John F. Muth wrote a paper entitled “Rational Expectations and the Theory of Price Movements,” which was published in 1961 This has been recognized as one of the most influential contributions to economics in the last few decades as it challenges the intellectual foundations of the traditional macroeconomic theories propounded by Keynesians as well as monetarists.

What is the central argument of the rational expectations hypothesis? In very simple terms it says that what matters in economics is not what actually happens but the difference between what actually happens and what was supposed or expected to happen. Hence only the surprises in policy would have the kind of effects the policy maker is striving to achieve. The implications of the rational expectation hypothesis for the dividend policy a firm are that: If the dividend announced is equal to what the market expected, there
would be no change in the market price of the share, even if the dividend were higher (or for that matter lower) than the previous dividend. The market, expecting the dividend to be higher, had discounted it. Put differently, the higher expectation was reflected in the market price already. Hence the announcement of the higher dividend would not have any impact the market price.

4.3 Dividend Decisions
4.3.1 Plausible Reasons for Paying Dividends
Investor Preference for Dividends- If taxes and transaction costs are ignored, dividend and capital receipts should be perfect substitutes. Yet there appears to be a strong preference for dividends. Why? Explanations are based on the behavioral principles of self-control and aversion for regret. In essence argument is that investors have a preference for dividends due to behavioral reasons. Hence, dividends and capital receipts are not perfectly substitutable.

Information Signaling- management often has significant information about the prospects of the firm that it cannot (or prefers not to) disclose to investors. The information gap between management and shareholders generally causes stock prices to be less than what they would he under conditions of information symmetry. According to signaling theory, these firms need to take actions that cannot be easily imitated by firms that do not have such promising projects. One such action is to pay more dividends, Increasing dividends suggests to the market that the firm is confident of its earning prospects that will enable it to maintain higher dividends in future as well. By the same token, a decrease in dividends is perceived as a negative signal by the market because firms are reluctant to cut dividends.

Clientele Effect- Investors have diverse preferences some want more dividend income; others want more capital gains; still others want a balanced mix of dividend income and capital gains. Over a period of time, investors naturally migrate to firms which have a dividend policy that matches their preferences. The concentration of investors in companies with dividend policies that are matched to their preferences is called the clientele effect. The existence of a clientele effect implies that (a) firms get the investors they deserve (b) it will be difficult for a firm to change an established dividend policy.

Agency Costs If shareholders have complete faith in the integrity and rationality of management, there is no reason why a company that has profitable investment opportunities should pay any dividend. In reality, however, shareholders rarely consider management as a perfect agent. They are concerned that management may squander money over uneconomic projects. And, that is when the relevance of dividends lies. Several scholars have argued that dividends can mitigate agency costs.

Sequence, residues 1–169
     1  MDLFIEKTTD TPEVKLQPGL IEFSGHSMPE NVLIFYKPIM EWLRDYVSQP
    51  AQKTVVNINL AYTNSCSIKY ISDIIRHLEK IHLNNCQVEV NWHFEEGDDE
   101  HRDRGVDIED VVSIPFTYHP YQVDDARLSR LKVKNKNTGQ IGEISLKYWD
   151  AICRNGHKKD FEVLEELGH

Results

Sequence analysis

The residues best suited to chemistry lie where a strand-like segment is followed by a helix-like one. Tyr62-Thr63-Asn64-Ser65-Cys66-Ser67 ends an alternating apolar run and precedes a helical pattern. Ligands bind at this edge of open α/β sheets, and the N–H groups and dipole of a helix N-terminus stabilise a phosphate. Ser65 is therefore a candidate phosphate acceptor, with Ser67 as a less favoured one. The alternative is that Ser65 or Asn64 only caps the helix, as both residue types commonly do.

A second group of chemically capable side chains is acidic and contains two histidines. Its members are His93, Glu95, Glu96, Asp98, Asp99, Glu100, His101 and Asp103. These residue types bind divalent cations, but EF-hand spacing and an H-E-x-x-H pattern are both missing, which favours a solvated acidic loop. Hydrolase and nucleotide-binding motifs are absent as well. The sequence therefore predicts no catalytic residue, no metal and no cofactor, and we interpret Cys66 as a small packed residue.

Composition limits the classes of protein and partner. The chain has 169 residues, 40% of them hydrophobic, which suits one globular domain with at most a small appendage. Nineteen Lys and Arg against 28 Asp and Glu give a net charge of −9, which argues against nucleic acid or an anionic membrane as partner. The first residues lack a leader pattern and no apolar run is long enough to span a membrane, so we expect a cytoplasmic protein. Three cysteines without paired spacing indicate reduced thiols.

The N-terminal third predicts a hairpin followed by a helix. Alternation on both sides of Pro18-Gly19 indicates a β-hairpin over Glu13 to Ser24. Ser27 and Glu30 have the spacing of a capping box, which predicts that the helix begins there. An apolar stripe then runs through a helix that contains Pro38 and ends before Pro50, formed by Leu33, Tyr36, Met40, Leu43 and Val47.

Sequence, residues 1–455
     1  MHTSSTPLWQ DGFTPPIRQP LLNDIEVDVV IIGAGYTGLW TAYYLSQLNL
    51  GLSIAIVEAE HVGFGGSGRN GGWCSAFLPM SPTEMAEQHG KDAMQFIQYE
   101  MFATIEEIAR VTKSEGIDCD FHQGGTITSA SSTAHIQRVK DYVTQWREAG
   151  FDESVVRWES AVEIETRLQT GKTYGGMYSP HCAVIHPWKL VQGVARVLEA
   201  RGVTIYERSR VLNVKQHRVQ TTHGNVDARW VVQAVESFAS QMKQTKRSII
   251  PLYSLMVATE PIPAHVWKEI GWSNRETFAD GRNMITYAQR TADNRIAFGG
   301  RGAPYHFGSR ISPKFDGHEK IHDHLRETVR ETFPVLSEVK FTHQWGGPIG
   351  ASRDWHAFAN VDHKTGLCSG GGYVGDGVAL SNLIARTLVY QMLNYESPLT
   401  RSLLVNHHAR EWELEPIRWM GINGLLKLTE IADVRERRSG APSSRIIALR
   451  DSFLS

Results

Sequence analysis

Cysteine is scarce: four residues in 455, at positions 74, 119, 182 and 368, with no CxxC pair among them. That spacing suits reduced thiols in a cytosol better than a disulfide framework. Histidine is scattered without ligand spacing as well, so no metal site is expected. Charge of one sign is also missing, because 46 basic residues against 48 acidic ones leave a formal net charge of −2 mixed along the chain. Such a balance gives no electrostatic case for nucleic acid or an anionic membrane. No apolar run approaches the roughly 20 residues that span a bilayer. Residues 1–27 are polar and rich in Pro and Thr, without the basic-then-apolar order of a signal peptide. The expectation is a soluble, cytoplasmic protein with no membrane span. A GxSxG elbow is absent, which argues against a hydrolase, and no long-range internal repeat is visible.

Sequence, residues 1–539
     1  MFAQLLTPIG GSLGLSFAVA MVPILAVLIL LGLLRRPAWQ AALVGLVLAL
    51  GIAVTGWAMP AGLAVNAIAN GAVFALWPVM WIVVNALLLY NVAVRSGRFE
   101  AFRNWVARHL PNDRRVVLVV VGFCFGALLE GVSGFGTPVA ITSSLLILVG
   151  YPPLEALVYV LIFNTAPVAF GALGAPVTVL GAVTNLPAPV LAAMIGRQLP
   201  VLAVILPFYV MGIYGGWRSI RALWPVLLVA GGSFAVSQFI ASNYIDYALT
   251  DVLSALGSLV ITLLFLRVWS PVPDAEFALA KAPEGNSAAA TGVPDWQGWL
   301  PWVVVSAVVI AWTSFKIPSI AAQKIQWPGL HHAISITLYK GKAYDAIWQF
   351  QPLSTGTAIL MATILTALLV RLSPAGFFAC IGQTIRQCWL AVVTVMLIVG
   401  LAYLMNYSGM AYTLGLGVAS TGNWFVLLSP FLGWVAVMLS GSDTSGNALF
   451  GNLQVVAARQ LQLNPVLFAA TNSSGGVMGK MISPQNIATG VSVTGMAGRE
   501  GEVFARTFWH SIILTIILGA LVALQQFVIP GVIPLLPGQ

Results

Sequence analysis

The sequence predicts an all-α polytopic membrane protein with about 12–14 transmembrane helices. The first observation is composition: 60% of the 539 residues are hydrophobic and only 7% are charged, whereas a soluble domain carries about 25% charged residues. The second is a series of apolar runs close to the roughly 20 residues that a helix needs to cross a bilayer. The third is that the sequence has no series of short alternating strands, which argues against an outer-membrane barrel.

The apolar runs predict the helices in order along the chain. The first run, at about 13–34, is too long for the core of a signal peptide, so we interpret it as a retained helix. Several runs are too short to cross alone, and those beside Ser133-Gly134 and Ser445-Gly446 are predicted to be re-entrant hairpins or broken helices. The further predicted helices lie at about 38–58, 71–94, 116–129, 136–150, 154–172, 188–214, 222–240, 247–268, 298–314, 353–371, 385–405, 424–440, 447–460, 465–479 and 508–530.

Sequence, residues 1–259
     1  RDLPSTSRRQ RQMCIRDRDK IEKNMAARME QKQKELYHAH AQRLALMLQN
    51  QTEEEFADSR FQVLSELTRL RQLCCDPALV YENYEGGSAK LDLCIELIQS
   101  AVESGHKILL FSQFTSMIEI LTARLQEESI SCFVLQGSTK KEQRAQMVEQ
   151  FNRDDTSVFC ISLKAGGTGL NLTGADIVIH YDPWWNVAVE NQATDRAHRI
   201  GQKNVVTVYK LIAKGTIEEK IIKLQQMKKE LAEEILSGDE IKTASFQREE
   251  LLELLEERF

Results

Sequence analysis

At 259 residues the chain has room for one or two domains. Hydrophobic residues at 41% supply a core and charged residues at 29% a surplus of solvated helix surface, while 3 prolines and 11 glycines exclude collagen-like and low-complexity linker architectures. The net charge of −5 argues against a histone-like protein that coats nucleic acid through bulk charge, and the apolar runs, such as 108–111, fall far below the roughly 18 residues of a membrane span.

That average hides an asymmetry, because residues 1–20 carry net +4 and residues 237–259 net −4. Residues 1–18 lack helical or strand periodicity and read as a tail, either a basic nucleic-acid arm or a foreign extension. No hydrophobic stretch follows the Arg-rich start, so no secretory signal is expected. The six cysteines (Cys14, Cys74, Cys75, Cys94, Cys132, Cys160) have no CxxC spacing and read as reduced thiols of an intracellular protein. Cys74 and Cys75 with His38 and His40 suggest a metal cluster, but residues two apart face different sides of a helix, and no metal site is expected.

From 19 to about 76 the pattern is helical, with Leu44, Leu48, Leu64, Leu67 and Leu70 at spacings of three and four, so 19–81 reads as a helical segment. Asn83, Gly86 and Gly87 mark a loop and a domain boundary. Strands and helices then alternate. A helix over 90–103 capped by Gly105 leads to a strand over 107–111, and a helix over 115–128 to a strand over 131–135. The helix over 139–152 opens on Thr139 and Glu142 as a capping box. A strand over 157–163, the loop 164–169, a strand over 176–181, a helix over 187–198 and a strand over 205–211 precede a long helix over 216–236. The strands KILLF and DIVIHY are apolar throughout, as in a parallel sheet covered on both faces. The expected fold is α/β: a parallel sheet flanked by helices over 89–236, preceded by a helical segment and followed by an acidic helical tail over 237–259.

Other reasons include:

  • Bird in the Hand Theory
  • Temporary Excess Cash

4.3.2 Determination of the Payout Ratio
Conditions relevant for determining the payout ratio are as follows:

  1. Funds requirement
  2. Liquidity
  3. Access to external sources of financing
  4. Shareholder preferences
  5. Differences in the cost of external equity and retained earnings
  6. Control
  7. Taxes

4.3.3 Dividend Policy Formulation
While formulating its dividend policy a firm should bear in mind the following considerations:

  1. Investment decisions have the greatest impact on value creation.
  2. External equity is more expensive than internal equity (retained earnings) because issue costs and underpricing.
  3. Most promoters are averse to dilute their stake in equity and hence are reluctant issue external equity.
  4. There is a limit beyond which a firm would have real difficulty in ranting debt financing.
  5. The dividend decision of the firm is an important means by which the management conveys information about the prospects of the firm.

Following guidelines emerge from the above considerations:

  1. Don’t pay dividends at the expense of positive NPV projects.
  2. Minimize the need to sell external equity.
  3. Define a target dividend payout ratio along with a target debt-equity ratio, taking into account the investment needs, managerial preferences, capital market norms and tax code.
  4. Accept temporary departures from the target dividend payout ratio and the target, debt-equity ratio.
  5. Avoid dividend cuts.

4.3.4 Bonus Shares
Bonus shares can be issued only out of free reserves built out of the genuine r share premium collected in cash only

Reasons for Issuing Bonus Shares

  1. The bonus issue tends to bring the market price per share within a more popular price range.
  2. It increases the number of outstanding shares. This promotes more active trading
  3. The nominal rate of dividend tends to decline. This may dispel the impressions of profiteering.
  4. The share capital base increases and the company may achieve a more respectable size in the eyes of the investing community.
  5. Shareholders regard a bonus issue as a firm indication that the prospects of the company have brightened and they can reasonably look for an increase in total dividends.
  6. It improves the prospects of raising additional funds. In recent years many firms have issued bonus shares prior to the issue of convertible debentures or other financing instruments.